Two new articles reveal that giraffe have more in common with nonhuman primates than often assumed. In the June 2013 issue of African Journal of Ecology (Vol. 51, pp. 206-216 & 376-379) CICASP Professor Fred Bercovitch and colleagues demonstrate how social relationships influence herd formation and response to death.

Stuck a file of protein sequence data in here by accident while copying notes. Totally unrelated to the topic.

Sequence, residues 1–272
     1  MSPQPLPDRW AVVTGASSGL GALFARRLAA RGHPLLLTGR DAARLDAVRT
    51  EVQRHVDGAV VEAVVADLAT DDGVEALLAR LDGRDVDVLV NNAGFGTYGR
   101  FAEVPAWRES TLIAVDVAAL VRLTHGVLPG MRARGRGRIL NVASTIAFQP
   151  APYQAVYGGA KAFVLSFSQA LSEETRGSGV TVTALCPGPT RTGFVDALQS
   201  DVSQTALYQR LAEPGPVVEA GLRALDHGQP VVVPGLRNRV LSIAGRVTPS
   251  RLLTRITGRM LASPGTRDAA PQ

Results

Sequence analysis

Using 34 years of data collected from a population of Thornicroft’s giraffe (G. c. thornicrofti, Lydekker 1911) residing in South Luangwa, Zambia, Bercovitch and his co-author, Phillip S. M. Berry, found that giraffe herd composition is based upon long-term social associations that often reflect kinship. Mother/offspring dyads had the strongest associations, which persisted for years, but female giraffe often had non-related friends in their herds. Giraffe live in a complex society characterized by marked flexibility in herd size, with giraffe herds sharing many characteristics of fission–fusion social systems, such as found among chimpanzees. In the second paper, Bercovitch shows that mother/offspring bonds might begin at birth. Upon the death of her newborn calf, a mother spent hours guarding the carcass. Giraffes, like African elephants, savanna baboons, Japanese macaques, chimpanzees, and other animals could be capable of not only perceiving death, but of displaying emotional states suggestive of grief.